Västerås Travel Centre
May 24, 2021
Västerås Travel Centre is a new infrastructural hub in the heart of one of Sweden’s largest cities. Behaving like a dynamic urban node and visual landmark, the travel centre will connect the neighbourhoods of Västerås and the city’s flows and create a new public destination in the city centre.The final design has now been revealed to the public and construction is slated to begin in 2022 and is expected to be finalised in 2025.
The travel centre is designed as a piece of social infrastructure, shaped for the flow of people and public life. The intent is to celebrate movement and create a welcoming, warm and transparent mobility hub that becomes an important social and economic node.
The raised corners of the travel centre clearly mark the most important entries in relationship to the city’s flows. The roof answers dilemmas caused by the city’s ongoing development by connecting the transportation hub’s complex programmes in a clearly readable unit.
Placing the lowest point of the roof towards the middle over the centre points of the bridges, the roof follows the travel centre’s programme, and does not encroach on any commercial surfaces. The roof shape meets the sweeping gestures of the ramps in low nodes over the track area, and a dramatic pull is created between the city centre and Lake Mälaren.
Terraces surrounding the travel centre create natural connections to Vasaparken and Hamnparken, and meeting places that act as extensions of the city’s rooms, floors, parks and streets. Visitors and locals can enjoy lookout points, meeting places, hang out spots, playful edges for skating, resting in the sun, WiFi zones, and seating to observe the city.
DESIGN & PLANNING
The boundary between inside and outside is blurred by the building’s glazed and long curved façades, ensuring light and openness at the building’s edges, while active façades increase the feeling of security. Biophilic spaces carry the landscape indoors, where travellers can move under a protective roof with platform connections down to the trains.
To let light in and circulate air, the ceiling has been sliced with a zigzag line, from one side to the other. This load-bearing design element extends the roof between the perimeter of the façade, creating an indoor landscape free of pillars for commercial programs to be designed without obstacles.
Along with the bus terminal and integrated platform area is a bright, modern bicycle garage, travel services, commercial areas, restaurants, offices, event areas, and exhibition spaces. The resort’s facilities also include outdoor bicycle parking, taxi zones, areas for boarding and disembarking, as well as short-term parking. The new bus square will double the size of the current bus terminal, and have 37 stops for buses in public transport. The commercial bus traffic will be moved to the south side of the tracks.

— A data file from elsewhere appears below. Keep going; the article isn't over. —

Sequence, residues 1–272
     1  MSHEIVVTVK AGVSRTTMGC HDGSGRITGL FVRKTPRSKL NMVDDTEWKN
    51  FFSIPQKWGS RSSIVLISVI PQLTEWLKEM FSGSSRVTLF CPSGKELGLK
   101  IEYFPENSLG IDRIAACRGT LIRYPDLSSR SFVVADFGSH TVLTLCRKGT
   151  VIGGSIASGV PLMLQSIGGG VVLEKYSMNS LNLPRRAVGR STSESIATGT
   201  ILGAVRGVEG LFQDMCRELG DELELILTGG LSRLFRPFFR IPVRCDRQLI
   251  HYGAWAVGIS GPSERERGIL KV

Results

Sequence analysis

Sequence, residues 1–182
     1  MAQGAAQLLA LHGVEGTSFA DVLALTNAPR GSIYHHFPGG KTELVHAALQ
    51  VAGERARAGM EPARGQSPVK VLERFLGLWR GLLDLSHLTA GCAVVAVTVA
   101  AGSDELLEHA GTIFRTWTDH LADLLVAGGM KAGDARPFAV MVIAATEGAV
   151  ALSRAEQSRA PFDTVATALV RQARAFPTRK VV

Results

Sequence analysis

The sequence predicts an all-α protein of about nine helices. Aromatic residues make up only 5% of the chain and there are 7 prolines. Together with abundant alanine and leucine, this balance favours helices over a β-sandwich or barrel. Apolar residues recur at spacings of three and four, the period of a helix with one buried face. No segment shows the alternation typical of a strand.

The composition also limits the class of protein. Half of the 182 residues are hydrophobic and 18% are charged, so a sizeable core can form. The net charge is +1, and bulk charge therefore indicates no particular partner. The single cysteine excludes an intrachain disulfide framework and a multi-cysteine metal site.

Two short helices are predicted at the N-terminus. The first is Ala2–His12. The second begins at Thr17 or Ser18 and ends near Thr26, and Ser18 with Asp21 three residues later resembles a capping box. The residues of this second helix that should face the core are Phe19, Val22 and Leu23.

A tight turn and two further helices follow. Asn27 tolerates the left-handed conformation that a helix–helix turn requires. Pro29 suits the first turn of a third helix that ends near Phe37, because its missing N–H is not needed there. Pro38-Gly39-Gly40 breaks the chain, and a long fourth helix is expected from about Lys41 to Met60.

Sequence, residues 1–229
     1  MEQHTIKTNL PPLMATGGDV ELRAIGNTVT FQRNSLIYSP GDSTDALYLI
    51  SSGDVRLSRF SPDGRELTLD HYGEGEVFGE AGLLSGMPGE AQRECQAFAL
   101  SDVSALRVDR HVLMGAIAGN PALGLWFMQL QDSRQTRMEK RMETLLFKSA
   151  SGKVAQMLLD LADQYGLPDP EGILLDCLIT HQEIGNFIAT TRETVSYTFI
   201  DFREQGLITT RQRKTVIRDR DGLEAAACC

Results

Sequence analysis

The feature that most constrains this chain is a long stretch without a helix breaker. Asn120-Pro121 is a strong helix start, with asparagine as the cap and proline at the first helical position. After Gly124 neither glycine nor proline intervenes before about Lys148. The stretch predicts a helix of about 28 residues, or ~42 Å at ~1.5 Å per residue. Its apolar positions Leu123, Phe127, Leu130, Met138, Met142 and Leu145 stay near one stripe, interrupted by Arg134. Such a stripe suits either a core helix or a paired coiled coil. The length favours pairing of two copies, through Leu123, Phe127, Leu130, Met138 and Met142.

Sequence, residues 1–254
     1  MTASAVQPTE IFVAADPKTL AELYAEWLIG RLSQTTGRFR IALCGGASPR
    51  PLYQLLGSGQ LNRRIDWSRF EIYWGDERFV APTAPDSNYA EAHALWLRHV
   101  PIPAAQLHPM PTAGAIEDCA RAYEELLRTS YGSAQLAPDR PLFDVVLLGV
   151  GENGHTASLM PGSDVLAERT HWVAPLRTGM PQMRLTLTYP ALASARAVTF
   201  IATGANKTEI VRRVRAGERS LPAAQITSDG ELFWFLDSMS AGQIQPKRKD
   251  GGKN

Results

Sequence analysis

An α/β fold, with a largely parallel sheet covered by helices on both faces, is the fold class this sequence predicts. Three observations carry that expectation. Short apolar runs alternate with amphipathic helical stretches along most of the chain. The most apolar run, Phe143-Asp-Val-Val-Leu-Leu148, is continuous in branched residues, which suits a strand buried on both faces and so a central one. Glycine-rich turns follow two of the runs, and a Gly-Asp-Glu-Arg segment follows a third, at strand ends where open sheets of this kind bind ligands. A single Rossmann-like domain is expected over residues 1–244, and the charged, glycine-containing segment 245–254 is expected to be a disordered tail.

The landscape unites across the railway and is shaped by flow. The fast flow that takes the travellers directly to their destination, the slow flow that takes visitors on a journey of discovery and a coffee break, the bicycle flow that swings slightly in the landscape, and a winding flow that provides accessibility for everyone. On top of this landscape an environment of commercial surfaces with street furniture and protected zones gives an organic and soft expression. Residents will be able to cross the railroad tracks and travel between the districts all year round and around the clock via the separated pedestrian and bicycle passage. Ground heating and lighting will be available for cold and dark periods.
The design of the new travel centre will work with the building’s integrated solar cell system on the vast roof surface to harvest the sun’s energy, with the capability of covering nearly 70 per cent of the project’s energy demand. The indoor climate will be managed through natural ventilation, and heating through underfloor heating, and the potential use of floor cooling and rainwater recycling. Conditions will also be improved for public transport in the city, providing a natural flow for bicycles and pedestrians, as well as passengers switching between modes of transport. These benefits along with charging stations and places for micro-mobility will reduce citizen’s reliance on cars.
|Västerås Travel Centre
|Gross Floor Area
|16.963 square metres
|Bjarke Ingels, David Zahle
|Aileen Koh; Allen Dennis Shakir; Anders Bruntse; Anders Holden Deleuran; Dalma Ujvari,Federica Fogazzi; Geetika Bhutani; Ida Linnea Elvira Maria Lujak; Laura Wätte; Marius Tromholt-Richter; Yunus Alperen Basak
|BIG – Bjarke Ingels Group ; Playtime